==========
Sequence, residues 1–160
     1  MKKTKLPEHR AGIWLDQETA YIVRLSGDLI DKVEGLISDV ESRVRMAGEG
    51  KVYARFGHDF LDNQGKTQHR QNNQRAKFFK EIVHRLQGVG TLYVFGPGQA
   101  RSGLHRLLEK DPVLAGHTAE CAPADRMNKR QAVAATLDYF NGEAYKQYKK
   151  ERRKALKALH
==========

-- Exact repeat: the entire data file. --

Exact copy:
Sequence, residues 1–160
     1  MKKTKLPEHR AGIWLDQETA YIVRLSGDLI DKVEGLISDV ESRVRMAGEG
    51  KVYARFGHDF LDNQGKTQHR QNNQRAKFFK EIVHRLQGVG TLYVFGPGQA
   101  RSGLHRLLEK DPVLAGHTAE CAPADRMNKR QAVAATLDYF NGEAYKQYKK
   151  ERRKALKALH